7. If none of this makes sense to you, please consider hiring someone to manage your portfolio. It will be worth the additional expense over the long term.

I hope this helps.

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Research Report

Stock Of The Week In Review – Got Newmont?

Newmont Mining (NEM) is the largest gold miner sporting a market cap of $32 billion. The chart below shows the price of NEM which is down 50% over the last few months and is back to levels last seen during the Covid meltdown in 2020. It is also approaching a major support line. The previous time NEM traded at $40, gold was nearly $300/ounce cheaper than it is today.


Investing in gold is problematic given that real rates are rising and the Fed remains aggressive. Such circumstances have not boded well for gold in the past. That said, NEM and other miners are down much more than gold over the last month or two. Might they be approaching a bottom even if gold continues to decline? NEM has an attractive risk/reward setup, especially with a stop loss limit slightly below the trend line. Additionally, the dividend yield on NEM is up to 5.3%.


Login to Simplevisor.com to read the full 5-For-Friday report.

Daily Commentary Bits

Bear Market Wealth Management

On Wednesday, we published Bear Market Wealth Management. The article served as a simple reminder that limiting losses in a bear market greatly benefits growing long-term wealth. Unfortunately, we stumbled upon the graph below after we published it. The chart further highlights the benefit of reducing stock holdings in a bear market. As it shows, if one only missed the ten worst days in the last 20 years, their wealth would be double that of a simple buy-and-hold S&P 500 strategy. Realize, however, that sitting out for too long can also be a problem. Missing the ten best days would leave you with half the wealth of the S&P 500 buy-and-hold strategy.

bear market wealth management

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Bull Bear Report Market Statistics & Screens

SimpleVisor Top & Bottom Performers By Sector

Market heatmap

SimpleVisor Asset Class Trend Analysis

Asset class analysis

Relative Performance Analysis

In just the last two weeks, the market has fully reversed the bull rally and pushed back into an extreme overbought condition. Such was what our previously analysis suggested would happen.

“The market surge pushed EVERY MARKET and SECTOR into extreme overbought territory. As is usually the case, this analysis indicates the market has likely extracted the majority of the rally, so taking profits remains a profitable strategy.

Last week, we stated that “price deviations from the 50-dma (middle right panel) remain very extended, suggesting this correction may have more work to do.”

We are likely due for a decent counter-trend rally as almost every sector and market are now extremely OVERSOLD and deviations are reduced. Use rallies to take profits and rebalance risk.

Market Sector Relative Performance

Technical Composite

The technical overbought/sold gauge comprises several price indicators (RSI, Williams %R, etc.), measured using “weekly” closing price data. Readings above “80” are considered overbought, and below “20” are oversold. Markets tend to peak when readings are at 80 or above, which suggests profit taking and risk management are prudent. The best buying opportunities exist when readings are 20 or below.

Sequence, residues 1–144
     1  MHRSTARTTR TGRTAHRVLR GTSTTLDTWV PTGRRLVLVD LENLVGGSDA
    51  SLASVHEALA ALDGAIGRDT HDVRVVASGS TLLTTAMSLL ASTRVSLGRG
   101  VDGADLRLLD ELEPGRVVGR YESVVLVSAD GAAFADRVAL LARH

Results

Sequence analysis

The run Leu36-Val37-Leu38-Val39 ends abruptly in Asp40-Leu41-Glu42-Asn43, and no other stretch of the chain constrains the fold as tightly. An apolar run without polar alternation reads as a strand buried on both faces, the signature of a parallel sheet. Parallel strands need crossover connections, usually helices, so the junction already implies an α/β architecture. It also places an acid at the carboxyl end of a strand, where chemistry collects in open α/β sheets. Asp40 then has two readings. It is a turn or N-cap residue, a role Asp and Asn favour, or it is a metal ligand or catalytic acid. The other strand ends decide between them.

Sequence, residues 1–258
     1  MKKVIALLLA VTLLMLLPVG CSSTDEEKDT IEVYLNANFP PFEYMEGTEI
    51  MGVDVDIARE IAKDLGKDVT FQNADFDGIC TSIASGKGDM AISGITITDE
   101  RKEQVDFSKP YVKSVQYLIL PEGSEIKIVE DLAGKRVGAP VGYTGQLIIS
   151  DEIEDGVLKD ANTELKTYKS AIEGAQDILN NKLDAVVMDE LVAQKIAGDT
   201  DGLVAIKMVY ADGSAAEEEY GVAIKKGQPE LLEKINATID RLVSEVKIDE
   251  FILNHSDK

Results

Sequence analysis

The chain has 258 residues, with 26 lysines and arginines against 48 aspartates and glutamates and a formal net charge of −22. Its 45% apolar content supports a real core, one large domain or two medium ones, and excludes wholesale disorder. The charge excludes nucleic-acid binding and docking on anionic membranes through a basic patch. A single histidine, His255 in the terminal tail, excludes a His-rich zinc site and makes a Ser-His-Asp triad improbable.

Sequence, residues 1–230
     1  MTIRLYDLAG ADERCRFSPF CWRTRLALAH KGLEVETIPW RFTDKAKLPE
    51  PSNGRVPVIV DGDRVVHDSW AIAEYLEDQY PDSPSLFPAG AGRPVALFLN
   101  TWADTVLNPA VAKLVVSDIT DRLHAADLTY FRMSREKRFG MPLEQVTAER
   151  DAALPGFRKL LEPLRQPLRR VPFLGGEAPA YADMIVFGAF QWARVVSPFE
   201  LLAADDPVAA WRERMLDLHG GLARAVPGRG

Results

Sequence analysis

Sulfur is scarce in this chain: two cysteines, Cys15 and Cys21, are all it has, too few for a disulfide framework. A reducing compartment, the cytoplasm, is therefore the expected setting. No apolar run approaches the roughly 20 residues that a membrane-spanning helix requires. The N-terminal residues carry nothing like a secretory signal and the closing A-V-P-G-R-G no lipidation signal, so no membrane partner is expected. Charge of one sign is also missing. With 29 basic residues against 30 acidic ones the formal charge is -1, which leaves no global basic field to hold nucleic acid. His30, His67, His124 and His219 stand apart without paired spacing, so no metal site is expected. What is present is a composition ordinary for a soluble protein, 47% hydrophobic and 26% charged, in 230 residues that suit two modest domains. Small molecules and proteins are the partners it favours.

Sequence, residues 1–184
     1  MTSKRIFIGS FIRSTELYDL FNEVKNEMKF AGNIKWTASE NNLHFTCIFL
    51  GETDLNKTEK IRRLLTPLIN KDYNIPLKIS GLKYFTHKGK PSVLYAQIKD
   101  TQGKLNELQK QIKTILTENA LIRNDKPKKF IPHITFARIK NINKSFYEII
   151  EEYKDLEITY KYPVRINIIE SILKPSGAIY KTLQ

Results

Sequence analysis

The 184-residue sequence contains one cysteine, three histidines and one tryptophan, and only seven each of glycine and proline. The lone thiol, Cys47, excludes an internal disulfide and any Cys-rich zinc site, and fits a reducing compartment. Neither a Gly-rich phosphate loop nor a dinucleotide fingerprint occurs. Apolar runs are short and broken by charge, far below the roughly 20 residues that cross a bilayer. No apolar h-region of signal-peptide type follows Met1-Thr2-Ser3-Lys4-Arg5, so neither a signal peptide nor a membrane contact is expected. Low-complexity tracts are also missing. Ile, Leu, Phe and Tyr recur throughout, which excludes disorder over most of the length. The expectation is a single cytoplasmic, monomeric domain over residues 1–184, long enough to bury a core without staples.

The current reading is 30.34 out of a possible 100 and rising. Remain long equities for now.

Technical Gauge

Portfolio Positioning “Fear / Greed” Gauge

The “Fear/Greed” gauge is how individual and professional investors are “positioning” themselves in the market based on their equity exposure. From a contrarian position, the higher the allocation to equities, to more likely the market is closer to a correction than not. The gauge uses weekly closing data.

NOTE: The Fear/Greed Index measures risk from 0 to 100. It is a rarity that it reaches levels above 90. The current reading is 56.68 out of a possible 100.

Fear Greed Gauge

Sector Model Analysis & Risk Ranges

How To Read This Table

  • The table compares the relative performance of each sector and market to the S&P 500 index.
  • “M/A XVER” is determined by whether the short-term weekly moving average crosses positively or negatively with the long-term weekly moving average.
  • The risk range is a function of the month-end closing price and the “beta” of the sector or market. (Ranges reset on the 1st of each month)
  • The table shows the price deviation above and below the weekly moving averages.

Two weeks ago we stated that with “just two weeks into the month, many markets and sectors are trading well above their historical monthly trading ranges. Such usually is not sustainable.” We also stated that a pullback was likely this past week from that analysis.

The risk/range report has reset for the month of September. However, there are still sectors at risk that are trading double-digit deviations from their respective long-term means. Bonds, Communications and International holdings may see some rotational inflows as they remain grossly oversold.

Risk Range Report

Weekly SimpleVisor Stock Screens

Each week we will provide three different stock screens generated from SimpleVisor: (RIAPro.net subscribers use your current credentials to log in.)

This week we are scanning for the Top 20:

  • Relative Strength Stocks
  • Momentum Stocks
  • Technically Strong With Strong Fundamentals

These screens generate portfolio ideas and serve as the starting point for further research.

(Click Images To Enlarge)

RSI Screen

Screen RSI

Momentum Screen

Screen Momentum

Technical & Fundamental Strength Screen

Screen Technical and Fundamental

SimpleVisor Portfolio Changes

We post all of our portfolio changes as they occur at SimpleVisor:

  • No Trades This Week

RIA Adivsors 401k Plan Manager

Lance Roberts, CIO

Have a great week!